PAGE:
My impression is that it must be difficult in Bali to be primarily focused
on exploring what is new, different, not traditional. Of course, you could
say that this is difficult everywhere in the world — and of course, that
is true. But in some societies there is a huge emphasis on the individual
and that people should strive to realize their own potential by following
their dreams. In Bali, I think the primary focus is on community. People
are encouraged to realize their full potential in terms of how they can
participate in, and contribute to, the community.
If this is true, one would think that a Balinese artist who constantly
strives to follow their own urge for discovery, breaking with many traditions
along the way, would experience a lot of criticism and resistance.
Is this true? Have you had to struggle to be able to follow your artistic
Yes, your impression is right about Bali, that there are many challenges
for both my compositions and Salukat as a group. I think the younger
generation today are more open so I feel I have more room now than
10 years ago for example. Only my work is still beyond their ability to
understand such works. Also, some part of the suppression comes from
politics in arts here. I don't work for the government or art institutions,
I'm very independent. So not many ‘big' people like me — it is not
necessarily about my music.
Struggle, yes. It is very big. Now it's easier because I'm now free from
any ties to authorities and to the community. Gamelan music has a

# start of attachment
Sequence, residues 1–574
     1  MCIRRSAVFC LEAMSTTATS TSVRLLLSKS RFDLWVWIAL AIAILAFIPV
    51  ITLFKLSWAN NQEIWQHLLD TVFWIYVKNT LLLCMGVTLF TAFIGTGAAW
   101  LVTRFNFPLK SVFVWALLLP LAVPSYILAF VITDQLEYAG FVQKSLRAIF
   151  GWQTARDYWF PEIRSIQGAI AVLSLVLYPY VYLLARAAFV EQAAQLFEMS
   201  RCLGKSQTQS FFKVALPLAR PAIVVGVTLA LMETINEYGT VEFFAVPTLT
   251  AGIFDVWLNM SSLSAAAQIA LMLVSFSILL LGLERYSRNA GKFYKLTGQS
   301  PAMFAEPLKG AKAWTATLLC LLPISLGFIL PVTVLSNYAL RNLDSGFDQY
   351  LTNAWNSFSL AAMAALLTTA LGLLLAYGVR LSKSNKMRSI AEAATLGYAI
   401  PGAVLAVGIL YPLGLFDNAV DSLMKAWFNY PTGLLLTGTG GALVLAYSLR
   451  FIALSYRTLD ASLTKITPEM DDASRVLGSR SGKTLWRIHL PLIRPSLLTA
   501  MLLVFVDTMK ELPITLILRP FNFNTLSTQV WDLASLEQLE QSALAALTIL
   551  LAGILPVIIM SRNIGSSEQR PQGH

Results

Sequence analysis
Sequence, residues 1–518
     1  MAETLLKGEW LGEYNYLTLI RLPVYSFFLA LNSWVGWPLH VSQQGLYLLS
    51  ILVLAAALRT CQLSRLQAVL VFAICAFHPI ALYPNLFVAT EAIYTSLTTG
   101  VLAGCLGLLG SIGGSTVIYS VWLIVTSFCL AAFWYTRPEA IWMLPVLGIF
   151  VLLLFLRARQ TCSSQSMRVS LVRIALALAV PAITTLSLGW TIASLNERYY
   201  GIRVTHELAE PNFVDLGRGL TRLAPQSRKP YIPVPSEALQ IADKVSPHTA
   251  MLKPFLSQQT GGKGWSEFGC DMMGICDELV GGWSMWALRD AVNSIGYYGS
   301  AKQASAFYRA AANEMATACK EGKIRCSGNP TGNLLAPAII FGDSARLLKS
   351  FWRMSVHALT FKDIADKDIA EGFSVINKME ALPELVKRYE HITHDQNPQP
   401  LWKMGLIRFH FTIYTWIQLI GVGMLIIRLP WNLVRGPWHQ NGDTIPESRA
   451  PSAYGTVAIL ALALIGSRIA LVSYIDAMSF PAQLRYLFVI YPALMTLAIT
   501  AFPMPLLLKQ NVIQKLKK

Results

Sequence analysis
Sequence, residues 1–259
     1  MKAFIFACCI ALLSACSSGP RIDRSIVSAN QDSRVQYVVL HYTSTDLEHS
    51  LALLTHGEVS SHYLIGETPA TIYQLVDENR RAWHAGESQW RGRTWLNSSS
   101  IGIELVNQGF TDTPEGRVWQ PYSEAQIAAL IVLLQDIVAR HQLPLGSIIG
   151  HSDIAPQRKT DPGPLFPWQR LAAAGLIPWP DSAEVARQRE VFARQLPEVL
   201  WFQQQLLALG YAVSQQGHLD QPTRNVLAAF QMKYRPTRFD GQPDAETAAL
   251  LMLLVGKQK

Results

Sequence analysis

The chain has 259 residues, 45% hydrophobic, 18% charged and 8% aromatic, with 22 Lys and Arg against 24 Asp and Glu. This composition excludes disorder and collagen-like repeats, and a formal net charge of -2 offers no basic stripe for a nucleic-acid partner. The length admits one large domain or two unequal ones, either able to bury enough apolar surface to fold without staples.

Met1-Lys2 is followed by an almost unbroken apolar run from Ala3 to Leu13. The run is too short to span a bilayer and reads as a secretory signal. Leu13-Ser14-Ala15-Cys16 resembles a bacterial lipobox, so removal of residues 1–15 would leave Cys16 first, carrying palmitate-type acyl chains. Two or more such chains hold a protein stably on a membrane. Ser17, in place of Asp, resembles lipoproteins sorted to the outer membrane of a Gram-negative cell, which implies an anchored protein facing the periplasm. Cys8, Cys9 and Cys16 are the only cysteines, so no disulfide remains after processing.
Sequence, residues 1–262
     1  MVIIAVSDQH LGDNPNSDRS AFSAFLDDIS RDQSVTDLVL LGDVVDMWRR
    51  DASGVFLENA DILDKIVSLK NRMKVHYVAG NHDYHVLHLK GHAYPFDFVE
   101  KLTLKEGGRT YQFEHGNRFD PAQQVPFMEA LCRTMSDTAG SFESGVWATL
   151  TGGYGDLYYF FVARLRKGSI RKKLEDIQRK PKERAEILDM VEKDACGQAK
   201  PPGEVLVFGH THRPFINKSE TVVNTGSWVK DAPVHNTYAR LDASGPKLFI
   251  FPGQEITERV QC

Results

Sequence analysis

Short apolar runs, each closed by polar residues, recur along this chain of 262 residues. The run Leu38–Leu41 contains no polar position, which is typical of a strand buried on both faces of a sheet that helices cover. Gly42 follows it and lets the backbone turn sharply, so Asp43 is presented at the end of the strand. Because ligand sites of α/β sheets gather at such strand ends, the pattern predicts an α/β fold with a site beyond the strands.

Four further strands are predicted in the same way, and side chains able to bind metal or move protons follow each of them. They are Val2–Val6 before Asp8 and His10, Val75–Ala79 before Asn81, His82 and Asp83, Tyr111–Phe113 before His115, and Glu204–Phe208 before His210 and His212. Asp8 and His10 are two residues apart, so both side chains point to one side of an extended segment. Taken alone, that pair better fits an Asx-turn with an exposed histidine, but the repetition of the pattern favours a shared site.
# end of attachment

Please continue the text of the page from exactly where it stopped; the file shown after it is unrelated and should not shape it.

strong tie to the community, as you know, and I too came from that as
a very active gamelan musician. People tried hard to keep me and my
group to stay in their world, so it took a long time to be free like I am
It is good to hear that you find the younger generation more open. I
know how much you have traveled and taught outside of Bali so I was
wondering whether you were referring to youth around the world in
general, or Balinese youth specifically.
I was thinking of the young Balinese/Indonesian people.
On the subject of political influence in the arts — As I understand, the
tourism industry in Bali began with a Dutch company during colonial
times. They marketed an image of Bali as the ultimate island paradise,
where everyone is a skilled craftsman or artist, where Hindu philosophy
permeates all aspects of life and maintains a sense of balance, and
where the unique indigenous culture is in danger of being destroyed by
modernity. Ironically, at the same time as the Dutch had an interest in
Bali being frozen in time and promoted as the last paradise, the tourists
themselves were a major modernizing factor and threat to the traditional
culture that was attracting them.
And after independence, Balinese themselves have taken over the
cultural tourism business, which leads us to the question of politics
today. What do you think about the influence of cultural tourism on
Bali's musical evolution? Are there positive and negative sides to it?
Is innovation being stifled by the marketing machine? Or has cultural
tourism also led to fruitful interactions between Balinese and international
musicians and a positive interchange of ideas?
I cannot make a generalization about what is positive and what is
negative, because every Balinese musician and artist have different
expectations, experiences, in different situations.
I never thought of money when doing music as a musician either as
a player or a composer. But when I paint (I paint traditional Balinese
paintings also) besides the fact that I enjoy painting, I have also painted
for money, selling them to tourists when I was young and needed money
for music school. I played gamelan for tourists for many years and I
didn't enjoy it, but I have to admit I did benefit from tourists who paid
for my paintings.
And I am very happy that my music is acknowledged NOT because of
the cultural marketing (my music is opposite to what they want to
promote as romantic ‘Balinese traditional music') and that Salukat's
tour like this is free from any tie to it.